The only possible option was chosen, and both sides in the Cold War built more destructive bombs and more evolved ways of delivering them, including being able to initiate counter bombing runs almost immediately and placing submarines around the globe.
One alternative was attempting a limited nuclear exchange from which one side might hope to survive with an advantage. Both sides of the debate, including the pros and the anti-MAD, worried it might actually tempt some leaders to act. MAD was preferred because if successful, it did stop the massive death toll. Mutually Assured Destruction is based on fear and cynicism and is one of the most brutally and horribly pragmatic ideas ever put into practice.
At one point, the world really did stand opposed to each other with the power to wipe both sides out in a day. Amazingly, this probably did stop a greater war from taking place. Anti-ballistic missile systems were closely examined by the other side to see if they changed the situation.
Things changed when Ronald Reagan became president of the U. He decided the U. However, the U. This is cited as one reason why Gorbachev decided to end the Cold War. With the ending of that particular global tension, the specter of MAD faded from active policy to background threat. The UK National Curriculum is short on actual examples of what a student might do or make with a computer, but long on vocabulary leaving implementation of the curriculum prone to memorization, not actual computer science.
The road ahead seems bleak when you factor in a shortage of qualified teachers, an overstuffed school day, inadequate computer resources and an abysmal participation rate among girls and minorities.
In the United States, there are proposals in several states to allow Computer Science to earn Foreign Language course credit. Aside from the obvious flaws in this logic, the substitution is as much a symptom of unquestioned curricular heuristics than it is support for high quality computer science offerings.
Swapping a subject you have trouble defending for CS is another example of the idea aversion Papert, b Papert spoke of. The constructionist and maker communities possess a great deal of expertise and wisdom that should play a major role in shaping both policy and pedagogical practice.
Without such involvement, this rhetorical effort may do more harm than good. I use it to situate educators in a continuum: are you open to megachange, or is your approach one of seeking Band-Aids to fix the minor ills of the education system?
The dominant paradigm is the Band-Aid—most reform tries to jigger the curriculum, the management of schools, the psychological context of learning. Crotty, ; Ravitch, , Bill Gates tells us that class size does Vise, not matter and that teachers may be replaced by YouTube videos. Ayers, ; Guggenheim et al. One look at the state-of-the-art in educational computing points to a rise in instructionism. Not only do schools still have computer labs three decades after their creation, but the computers in those labs are increasingly used for computer-assisted instruction, test-prep, standardized testing, and surveillance.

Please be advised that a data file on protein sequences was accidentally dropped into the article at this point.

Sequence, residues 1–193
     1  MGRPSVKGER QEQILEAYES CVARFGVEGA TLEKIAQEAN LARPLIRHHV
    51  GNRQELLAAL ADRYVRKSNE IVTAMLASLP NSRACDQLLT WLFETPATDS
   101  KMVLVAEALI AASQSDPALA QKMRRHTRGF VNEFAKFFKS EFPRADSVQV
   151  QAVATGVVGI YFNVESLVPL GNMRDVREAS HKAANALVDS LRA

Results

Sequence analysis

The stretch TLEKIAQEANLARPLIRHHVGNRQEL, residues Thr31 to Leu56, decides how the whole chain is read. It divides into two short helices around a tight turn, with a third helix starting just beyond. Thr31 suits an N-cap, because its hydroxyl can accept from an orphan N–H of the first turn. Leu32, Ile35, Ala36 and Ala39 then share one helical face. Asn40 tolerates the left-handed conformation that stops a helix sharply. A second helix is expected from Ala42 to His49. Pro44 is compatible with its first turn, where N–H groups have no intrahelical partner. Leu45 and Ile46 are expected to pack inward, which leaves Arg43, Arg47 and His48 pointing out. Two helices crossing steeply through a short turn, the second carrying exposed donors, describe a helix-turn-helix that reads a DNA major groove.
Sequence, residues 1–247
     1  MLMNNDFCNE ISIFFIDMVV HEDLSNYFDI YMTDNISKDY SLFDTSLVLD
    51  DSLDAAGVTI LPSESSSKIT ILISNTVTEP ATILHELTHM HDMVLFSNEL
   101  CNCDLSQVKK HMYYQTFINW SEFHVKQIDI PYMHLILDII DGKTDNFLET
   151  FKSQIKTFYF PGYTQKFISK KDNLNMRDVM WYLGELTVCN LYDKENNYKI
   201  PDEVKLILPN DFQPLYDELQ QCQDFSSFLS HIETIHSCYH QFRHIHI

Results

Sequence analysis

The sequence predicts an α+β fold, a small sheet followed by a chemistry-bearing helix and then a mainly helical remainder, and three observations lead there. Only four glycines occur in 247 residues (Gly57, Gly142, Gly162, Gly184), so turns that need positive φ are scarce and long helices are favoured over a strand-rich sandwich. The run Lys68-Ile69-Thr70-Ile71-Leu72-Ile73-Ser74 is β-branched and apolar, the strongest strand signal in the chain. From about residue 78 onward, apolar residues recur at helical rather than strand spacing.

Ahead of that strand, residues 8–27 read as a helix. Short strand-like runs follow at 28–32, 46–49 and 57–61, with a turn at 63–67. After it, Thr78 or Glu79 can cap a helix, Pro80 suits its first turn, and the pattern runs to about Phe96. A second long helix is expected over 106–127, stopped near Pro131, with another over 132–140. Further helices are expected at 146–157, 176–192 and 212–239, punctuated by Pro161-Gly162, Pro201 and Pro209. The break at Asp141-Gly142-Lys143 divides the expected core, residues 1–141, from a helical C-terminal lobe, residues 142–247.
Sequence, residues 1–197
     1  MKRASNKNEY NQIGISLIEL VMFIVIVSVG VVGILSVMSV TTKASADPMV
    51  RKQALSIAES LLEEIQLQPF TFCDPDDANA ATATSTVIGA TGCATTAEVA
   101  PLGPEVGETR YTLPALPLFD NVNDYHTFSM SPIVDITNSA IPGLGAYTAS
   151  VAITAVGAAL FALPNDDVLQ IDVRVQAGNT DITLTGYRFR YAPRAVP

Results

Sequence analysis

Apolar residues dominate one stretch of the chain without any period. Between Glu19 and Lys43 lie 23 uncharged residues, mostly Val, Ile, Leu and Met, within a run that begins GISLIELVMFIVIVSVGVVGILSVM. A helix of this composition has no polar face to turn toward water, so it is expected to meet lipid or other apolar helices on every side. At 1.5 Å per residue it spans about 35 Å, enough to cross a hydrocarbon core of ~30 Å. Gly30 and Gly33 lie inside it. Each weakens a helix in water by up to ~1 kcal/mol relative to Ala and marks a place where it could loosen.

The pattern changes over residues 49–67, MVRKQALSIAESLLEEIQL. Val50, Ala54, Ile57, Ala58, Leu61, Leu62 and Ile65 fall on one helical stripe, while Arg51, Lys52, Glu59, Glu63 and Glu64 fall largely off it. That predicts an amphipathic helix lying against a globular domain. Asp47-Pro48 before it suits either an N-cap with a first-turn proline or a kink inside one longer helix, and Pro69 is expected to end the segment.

Can we rise above this period of darkness by lighting a path towards megachange? In a toxic era of high-stakes testing, curriculum narrowing, teacher shaming and public school privatizing, the maker movement represents a ray of optimism in an otherwise bleak environment.
An understanding of constructionism and the embattled history of progressive education are necessary for the maker movement to mature.
Quite simply, progressive education requires the energy, passion, new materials, and technology of the maker movement to increase its visibility, relevance, value, and urgency with policy makers, parents, and educational practitioners. The maker movement needs to situate their terrific passion, tools, talents, and intuition in a larger context of learning in a politically charged educational system. Both communities have a great deal to learn from one another and should recognize that they stand on the shoulders of giants.
Such open-mindedness and knowledge are the minimum conditions under which each community can endure. One dilemma for the maker movement is that its major players want it to be both a cause and a profit-center. That concern has been ignored to date. It should come as no surprise that there is a tension between commerce and changing the world. Maker Media is the 1, pound for-profit gorilla that creates a venue for makers to share their ingenuity in a commercial environment where others pay to interact with makers.
There is nothing wrong with that. It has fueled the explosive rise in making. However, when one company controls the venue, narrative, access to market, and publishes products that compete directly with the creations of other makers, claims of a social mission need to be taken with a grain of salt.
Monopolistic tendencies are incompatible with the democratic ideals of both making and progressive education. Alas, the futures of the maker movement and progressive education are at a crossroads. It is blamed for educational failures disproportionate to its influence. Without great care, the maker movement may find itself susceptible to similar mocking, derision, or marginalization. Political and social alliances need to be strengthened between each community or the fate of both will be uncertain at best.